Not surprisingly Jordan gets nearly half your votes, but interesting to see how much respect the voters have for Xander Schauffele and Tiger Woods. 

In The Telegraph, James Corrigan's game story leads with Woods over the three co-leaders. Same with Ewan Murray at The Guardian, noting that Saturday will be a moving day we never forget. 

Speaking of Tiger, he captivated Carnoustie Saturday and no matter what happens, many fans here went home very happy getting to enjoy some Tiger roars as he topped a major leaderboard for the first time in years. Dan Kilbridge on Tiger's strong 66 that leaves him four back of Jordan Spieth.

Ian O'Connor gives us all permission to root for Tiger, even sportswriters who are not supposed to. I certainly didn't fight the goosebumps yesterday seeing the reaction and thrills he provided in playing like the 14-time major winner most remember.

Jordan's haircut is all the buzz.

A win by Spieth would quickly erase what has been a frustrating year, Brian Wacker writes in setting up the final round.

Rory McIlroy, four back, intends to attack Sunday, writes Eamon Lynch.

Kevin Chappell's resurgence can be attributed to a change in teachers, now with Sean Foley who is helping him take pressure off his back, writes The Forecaddie.

Final round tee times and hole locations from Golfweek.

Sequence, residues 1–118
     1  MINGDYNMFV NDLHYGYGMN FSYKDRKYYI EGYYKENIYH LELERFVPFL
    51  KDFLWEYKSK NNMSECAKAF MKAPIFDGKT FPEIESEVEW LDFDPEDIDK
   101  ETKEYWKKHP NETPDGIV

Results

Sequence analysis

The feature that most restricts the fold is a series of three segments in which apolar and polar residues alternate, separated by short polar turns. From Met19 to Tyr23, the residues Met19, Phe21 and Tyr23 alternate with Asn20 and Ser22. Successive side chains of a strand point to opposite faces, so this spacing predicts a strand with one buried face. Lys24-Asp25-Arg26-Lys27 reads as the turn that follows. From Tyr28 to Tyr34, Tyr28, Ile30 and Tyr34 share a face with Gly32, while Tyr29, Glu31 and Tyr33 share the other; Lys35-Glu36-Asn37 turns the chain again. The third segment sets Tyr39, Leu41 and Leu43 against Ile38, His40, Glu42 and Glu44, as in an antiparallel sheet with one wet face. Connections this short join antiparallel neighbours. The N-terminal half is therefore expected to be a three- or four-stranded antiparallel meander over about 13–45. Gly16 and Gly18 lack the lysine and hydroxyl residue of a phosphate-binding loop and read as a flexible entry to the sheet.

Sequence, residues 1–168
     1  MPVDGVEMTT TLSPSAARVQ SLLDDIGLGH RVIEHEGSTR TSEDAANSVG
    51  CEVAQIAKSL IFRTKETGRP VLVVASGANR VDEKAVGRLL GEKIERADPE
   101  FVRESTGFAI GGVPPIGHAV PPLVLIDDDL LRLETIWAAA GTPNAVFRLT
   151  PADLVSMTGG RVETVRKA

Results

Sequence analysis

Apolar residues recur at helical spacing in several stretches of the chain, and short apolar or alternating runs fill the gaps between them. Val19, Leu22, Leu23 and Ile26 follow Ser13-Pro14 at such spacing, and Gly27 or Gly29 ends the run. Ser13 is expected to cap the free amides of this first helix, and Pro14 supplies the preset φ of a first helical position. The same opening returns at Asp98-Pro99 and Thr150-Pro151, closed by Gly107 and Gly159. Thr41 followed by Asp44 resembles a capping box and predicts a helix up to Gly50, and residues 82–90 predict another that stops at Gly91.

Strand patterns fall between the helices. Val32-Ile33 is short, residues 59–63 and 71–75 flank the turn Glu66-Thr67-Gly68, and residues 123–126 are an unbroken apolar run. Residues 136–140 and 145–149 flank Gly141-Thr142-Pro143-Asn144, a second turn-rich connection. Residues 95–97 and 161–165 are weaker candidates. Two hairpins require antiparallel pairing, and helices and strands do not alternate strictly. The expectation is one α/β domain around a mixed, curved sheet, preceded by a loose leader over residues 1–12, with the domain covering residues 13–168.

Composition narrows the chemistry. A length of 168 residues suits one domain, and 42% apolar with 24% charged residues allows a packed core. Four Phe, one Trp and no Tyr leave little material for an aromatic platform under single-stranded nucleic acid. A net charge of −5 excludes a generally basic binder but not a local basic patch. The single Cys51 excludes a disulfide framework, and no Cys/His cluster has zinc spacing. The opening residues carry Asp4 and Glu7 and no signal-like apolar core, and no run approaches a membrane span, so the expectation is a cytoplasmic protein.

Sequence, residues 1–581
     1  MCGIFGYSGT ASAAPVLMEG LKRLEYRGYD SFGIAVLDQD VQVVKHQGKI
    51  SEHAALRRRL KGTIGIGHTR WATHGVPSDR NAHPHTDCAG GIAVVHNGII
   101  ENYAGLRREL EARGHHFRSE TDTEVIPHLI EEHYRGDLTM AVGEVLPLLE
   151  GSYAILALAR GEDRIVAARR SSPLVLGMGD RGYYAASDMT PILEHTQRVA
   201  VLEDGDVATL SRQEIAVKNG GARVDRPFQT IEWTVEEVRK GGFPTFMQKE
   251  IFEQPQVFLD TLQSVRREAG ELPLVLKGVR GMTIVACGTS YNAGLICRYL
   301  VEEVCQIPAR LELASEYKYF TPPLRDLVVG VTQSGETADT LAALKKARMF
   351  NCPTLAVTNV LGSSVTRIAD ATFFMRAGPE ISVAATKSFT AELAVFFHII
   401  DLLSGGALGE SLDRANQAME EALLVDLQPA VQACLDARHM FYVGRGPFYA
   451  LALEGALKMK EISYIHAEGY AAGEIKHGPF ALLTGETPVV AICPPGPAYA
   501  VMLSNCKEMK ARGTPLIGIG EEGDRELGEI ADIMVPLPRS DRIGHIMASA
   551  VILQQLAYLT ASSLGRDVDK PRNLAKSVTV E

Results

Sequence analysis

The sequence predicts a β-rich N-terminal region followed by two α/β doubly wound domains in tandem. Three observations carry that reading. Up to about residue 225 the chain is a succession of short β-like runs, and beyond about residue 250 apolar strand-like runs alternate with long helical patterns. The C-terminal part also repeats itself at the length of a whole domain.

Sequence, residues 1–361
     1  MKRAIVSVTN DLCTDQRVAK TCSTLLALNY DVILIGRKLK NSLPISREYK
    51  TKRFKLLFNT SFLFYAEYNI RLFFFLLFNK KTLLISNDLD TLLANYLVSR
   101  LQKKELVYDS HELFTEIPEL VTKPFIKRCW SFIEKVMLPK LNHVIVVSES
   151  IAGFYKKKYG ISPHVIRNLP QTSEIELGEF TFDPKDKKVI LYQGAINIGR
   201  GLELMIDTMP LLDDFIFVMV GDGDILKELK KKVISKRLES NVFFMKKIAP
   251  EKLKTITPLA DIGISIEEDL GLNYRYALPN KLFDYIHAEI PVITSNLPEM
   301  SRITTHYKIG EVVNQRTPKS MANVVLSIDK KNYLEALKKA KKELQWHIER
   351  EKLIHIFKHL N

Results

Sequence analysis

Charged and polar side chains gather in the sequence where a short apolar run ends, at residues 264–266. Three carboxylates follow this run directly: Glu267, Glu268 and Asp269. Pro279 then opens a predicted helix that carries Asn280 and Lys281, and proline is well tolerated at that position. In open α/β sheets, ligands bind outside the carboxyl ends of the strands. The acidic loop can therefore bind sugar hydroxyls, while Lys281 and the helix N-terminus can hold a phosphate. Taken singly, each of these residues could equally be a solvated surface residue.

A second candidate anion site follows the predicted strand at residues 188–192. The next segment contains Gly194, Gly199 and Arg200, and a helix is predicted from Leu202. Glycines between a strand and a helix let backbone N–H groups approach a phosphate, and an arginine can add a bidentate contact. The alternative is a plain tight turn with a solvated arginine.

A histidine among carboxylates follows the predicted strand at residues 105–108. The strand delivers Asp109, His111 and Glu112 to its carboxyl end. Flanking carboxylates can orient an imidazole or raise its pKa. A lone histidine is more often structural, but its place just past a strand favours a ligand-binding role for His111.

Most spectators will arrive here by train and leave, after a long line, by train. Christopher Clarey for the New York Times on the history of Open Championships and trains (thanks reader John). 

Enjoy the final round! Full coverage and analysis to follow at Golfweek.com and ShackHouse.

2018 Open Championship Ratings: Round 1 Up 27%, Round 2 Up 4%

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Tiger played Thursday afternoon and Friday morning, likely explaining round one's big increase on Golf Channel.

For Immediate Release:

MOST-WATCHED ROUND 1 OF THE OPEN ON GOLF CHANNEL EVER:

Golf Channel’s Round 1 coverage of The Open posted a Total Audience Delivery (TAD: Live Linear + Streaming) of 1.024 average viewers, up 27% vs. 2017 and the most-watched Round 1 at The Open in its three years on Golf Channel (8:01 a.m. – 4 p.m. ET).

It also became Golf Channel’s most-watched Thursday ever, and the fifth-best Total Day on record (2006-2018). Golf Channel was the No. 1 cable sports network for Total Day by 9%. And from 8 a.m. to 4 p.m. ET, Golf Channel was No. 1 cable sports network by 314%, and third for all 114 Nielsen measured cable networks.

And Friday:

MOST-WATCHED EARLY ROUND TELECAST OF THE OPEN EVER ON GOLF CHANNEL:

Golf Channel’s Round 2 coverage of The Open (8 a.m. – 3:58 p.m. ET) posted a Total Audience Delivery (TAD: Live Linear + Streaming) of 1.141 million average viewers, up 4% vs. 2017 and the most-watched Early Round telecast at The Open in its three years on Golf Channel. Friday’s Round 2 TAD was up 11% vs. Thursday’s Round 1 (1.024 million average viewers) and became Golf Channel’s most-watched weekday telecast since the 2016 Ryder Cup Friday coverage (1.3 million).